Keratoconus and Scleral Lenses
By Dr Stephanie Woo, O.D.
A 34-year-old Hispanic female was referred to us by an ophthalmology clinic for a contact lens evaluation. JS was diagnosed with keratoconus when she was 22 years old and claims that the vision worsened each year. She tried multiple pairs of glasses, and then she was finally fit with a corneal gas permeable contact lens. The corneal gas permeable lens provided good vision, but the discomfort prevented her from wearing it. She then proceeded to have corneal cross linking in each eye in early 2020.
When she saw us for an evaluation, we obtained an in-depth case history. JS told us that she was an LPN (Licensed Practical Nurse) for another doctor in town. Her duties included obtaining case histories from patients, performing tests such as blood pressure, taking temperatures, among others. She also administered injections. JS claimed that she was using the computer for 6+ hours per day. She stated that her very poor vision made it difficult to read the computer or exam notes. As a result, she constantly had to have other people read things for her because she mixed up letters and numbers frequently. Further, she complained of blurred vision, fluctuating vision, double vision, haloes around lights, and eye strain.
During her consultation, we performed several tests. The first test was a topography of each eye. The topographical maps provided valuable data so that we could get an idea of how steep and flat her eyes were, along with the overall shape of the cone, the elevation of different parts of her corneas, and her horizontal visible iris diameter (HVID). This information served as a baseline, and more topographies will be taken throughout the course of managing her case over the years.
Topography – OD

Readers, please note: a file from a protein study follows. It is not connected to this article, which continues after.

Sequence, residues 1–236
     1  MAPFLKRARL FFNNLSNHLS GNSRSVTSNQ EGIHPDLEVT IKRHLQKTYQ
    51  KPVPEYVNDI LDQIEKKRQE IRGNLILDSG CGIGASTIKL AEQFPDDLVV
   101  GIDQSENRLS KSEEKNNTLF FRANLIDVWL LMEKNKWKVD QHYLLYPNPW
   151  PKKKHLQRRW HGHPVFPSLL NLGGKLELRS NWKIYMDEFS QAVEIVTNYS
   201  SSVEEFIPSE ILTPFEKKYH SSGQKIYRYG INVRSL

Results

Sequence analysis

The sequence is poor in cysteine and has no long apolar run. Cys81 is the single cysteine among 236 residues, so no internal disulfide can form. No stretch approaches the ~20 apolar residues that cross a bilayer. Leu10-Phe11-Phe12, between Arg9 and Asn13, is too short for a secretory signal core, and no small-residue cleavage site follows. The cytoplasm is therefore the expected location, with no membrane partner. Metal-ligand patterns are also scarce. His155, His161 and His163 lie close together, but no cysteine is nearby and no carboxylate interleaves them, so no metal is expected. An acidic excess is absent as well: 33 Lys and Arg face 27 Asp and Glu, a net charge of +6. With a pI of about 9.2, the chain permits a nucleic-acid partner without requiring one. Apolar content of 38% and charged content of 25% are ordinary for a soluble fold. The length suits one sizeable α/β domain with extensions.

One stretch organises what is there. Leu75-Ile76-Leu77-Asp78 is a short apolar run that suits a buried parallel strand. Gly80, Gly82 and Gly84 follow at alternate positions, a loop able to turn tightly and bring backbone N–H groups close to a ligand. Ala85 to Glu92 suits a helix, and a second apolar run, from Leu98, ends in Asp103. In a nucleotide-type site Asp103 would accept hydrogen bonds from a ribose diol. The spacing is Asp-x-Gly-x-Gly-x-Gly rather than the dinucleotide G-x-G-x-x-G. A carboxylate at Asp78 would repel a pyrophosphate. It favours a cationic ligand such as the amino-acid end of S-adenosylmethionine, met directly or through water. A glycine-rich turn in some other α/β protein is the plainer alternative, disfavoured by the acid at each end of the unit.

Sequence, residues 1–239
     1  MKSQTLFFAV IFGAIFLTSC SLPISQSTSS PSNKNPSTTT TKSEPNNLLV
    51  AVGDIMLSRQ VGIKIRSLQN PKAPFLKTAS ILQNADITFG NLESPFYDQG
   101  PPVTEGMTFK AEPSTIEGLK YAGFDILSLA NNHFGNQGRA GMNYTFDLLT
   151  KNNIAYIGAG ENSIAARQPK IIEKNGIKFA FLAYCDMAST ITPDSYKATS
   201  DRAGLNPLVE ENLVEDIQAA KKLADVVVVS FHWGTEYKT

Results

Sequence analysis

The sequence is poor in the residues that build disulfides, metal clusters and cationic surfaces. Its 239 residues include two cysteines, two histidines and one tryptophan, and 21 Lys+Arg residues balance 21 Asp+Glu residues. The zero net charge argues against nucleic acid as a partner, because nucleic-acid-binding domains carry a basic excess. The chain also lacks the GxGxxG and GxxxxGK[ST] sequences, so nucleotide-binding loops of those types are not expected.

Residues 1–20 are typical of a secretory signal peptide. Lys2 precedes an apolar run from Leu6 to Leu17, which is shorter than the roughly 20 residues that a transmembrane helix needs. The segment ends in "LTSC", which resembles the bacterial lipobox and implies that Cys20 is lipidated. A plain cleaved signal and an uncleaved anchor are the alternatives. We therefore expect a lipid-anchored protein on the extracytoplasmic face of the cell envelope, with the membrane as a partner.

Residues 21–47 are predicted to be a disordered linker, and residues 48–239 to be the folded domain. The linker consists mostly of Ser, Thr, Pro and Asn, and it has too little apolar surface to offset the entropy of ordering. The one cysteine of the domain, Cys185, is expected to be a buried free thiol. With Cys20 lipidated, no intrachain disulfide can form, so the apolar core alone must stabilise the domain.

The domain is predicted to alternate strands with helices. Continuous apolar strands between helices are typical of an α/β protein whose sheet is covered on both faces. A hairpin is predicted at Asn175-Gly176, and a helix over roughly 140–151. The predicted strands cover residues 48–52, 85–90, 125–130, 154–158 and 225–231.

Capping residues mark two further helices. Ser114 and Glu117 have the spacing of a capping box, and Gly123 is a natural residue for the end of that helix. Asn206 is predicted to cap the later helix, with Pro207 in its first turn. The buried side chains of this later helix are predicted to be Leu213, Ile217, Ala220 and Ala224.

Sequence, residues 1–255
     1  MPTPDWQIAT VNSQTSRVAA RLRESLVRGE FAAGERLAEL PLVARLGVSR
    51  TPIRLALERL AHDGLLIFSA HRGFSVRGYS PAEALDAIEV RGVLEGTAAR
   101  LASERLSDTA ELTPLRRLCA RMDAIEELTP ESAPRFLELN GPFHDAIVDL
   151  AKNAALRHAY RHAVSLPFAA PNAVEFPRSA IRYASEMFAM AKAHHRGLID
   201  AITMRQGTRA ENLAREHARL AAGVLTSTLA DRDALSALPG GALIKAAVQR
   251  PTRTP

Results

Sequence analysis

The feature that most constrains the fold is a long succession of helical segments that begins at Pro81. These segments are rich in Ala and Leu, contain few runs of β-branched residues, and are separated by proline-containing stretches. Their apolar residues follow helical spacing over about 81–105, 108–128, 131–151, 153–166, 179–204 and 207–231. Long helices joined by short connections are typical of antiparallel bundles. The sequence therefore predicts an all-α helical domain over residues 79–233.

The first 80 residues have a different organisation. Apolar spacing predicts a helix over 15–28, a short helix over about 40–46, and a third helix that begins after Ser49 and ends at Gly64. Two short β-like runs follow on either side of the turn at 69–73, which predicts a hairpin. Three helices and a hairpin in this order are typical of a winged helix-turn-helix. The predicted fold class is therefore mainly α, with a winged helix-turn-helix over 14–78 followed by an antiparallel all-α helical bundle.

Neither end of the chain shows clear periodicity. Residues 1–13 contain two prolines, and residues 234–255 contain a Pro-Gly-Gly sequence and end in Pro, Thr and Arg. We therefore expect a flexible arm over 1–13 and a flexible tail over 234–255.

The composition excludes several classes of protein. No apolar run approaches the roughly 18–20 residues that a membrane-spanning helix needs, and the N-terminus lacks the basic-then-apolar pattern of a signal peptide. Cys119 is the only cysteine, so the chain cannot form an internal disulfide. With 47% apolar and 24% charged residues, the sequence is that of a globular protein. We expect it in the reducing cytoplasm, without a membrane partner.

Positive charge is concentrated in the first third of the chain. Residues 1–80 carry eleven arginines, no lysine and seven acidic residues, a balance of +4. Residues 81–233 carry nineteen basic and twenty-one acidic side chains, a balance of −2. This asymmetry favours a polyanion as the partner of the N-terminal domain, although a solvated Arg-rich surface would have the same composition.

Topography – OS
The next test was anterior segment photography. These photos provide a documentation of what the ocular structures look like at the time of the fitting. If any scarring, striae or other disorders are seen, photos are taken. This also serves as a good baseline so that if there are any changes in the future, we have something to compare it to.
We then performed a digital retinal wellness scan. This scan checks the macula and optic nerve to ensure there are no retinal abnormalities. This is not totally necessary when fitting a specialty contact lens, but I find it incredibly useful. Many times, if a patient is referred for a contact lens evaluation due to a corneal defect, they end up also having a retinal issue. This is important to discuss with the patient, as their vision potential could be severely limited when they have other ocular abnormalities.
Next, we performed a corneo‐scleral topography. This instrument checks the shape of the sclera. This data is incredibly valuable, as it can tell you the toricity of the sclera and the location of the toricity and elevation. This data helps us select an appropriate scleral lens for a patient. If a patient has a very highly irregular sclera, they may not be a good candidate for a traditional scleral lens. Also, if a patient has a more spherical scleral shape, you may consider a scleral lens that does not have toric haptics.
After all of the data is collected, a slit lamp examination is performed. After, a subjective refraction is attempted to find out the best corrected visual acuity in spectacles.
JS had entering visual acuities of 20/400 in the right eye and 20/400 in the left eye. With a subjective refraction, her vision did not improve in either eye.
Scleral Lens Fit
After reviewing all of her information, we discussed different contact lens options in depth, including corneal gas permeable lenses, hybrid lenses, and scleral lenses. After discussing the pros and cons of each lens, she opted for the scleral lens. Due to finances, she decided to proceed with fitting the right eye only at this time.